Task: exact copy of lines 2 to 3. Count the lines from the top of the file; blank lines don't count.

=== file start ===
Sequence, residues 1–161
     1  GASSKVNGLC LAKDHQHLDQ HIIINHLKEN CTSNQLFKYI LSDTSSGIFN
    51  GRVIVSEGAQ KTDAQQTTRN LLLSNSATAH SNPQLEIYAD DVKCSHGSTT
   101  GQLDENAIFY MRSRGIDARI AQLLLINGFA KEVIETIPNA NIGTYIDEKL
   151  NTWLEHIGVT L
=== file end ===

     1  GASSKVNGLC LAKDHQHLDQ HIIINHLKEN CTSNQLFKYI LSDTSSGIFN
    51  GRVIVSEGAQ KTDAQQTTRN LLLSNSATAH SNPQLEIYAD DVKCSHGSTT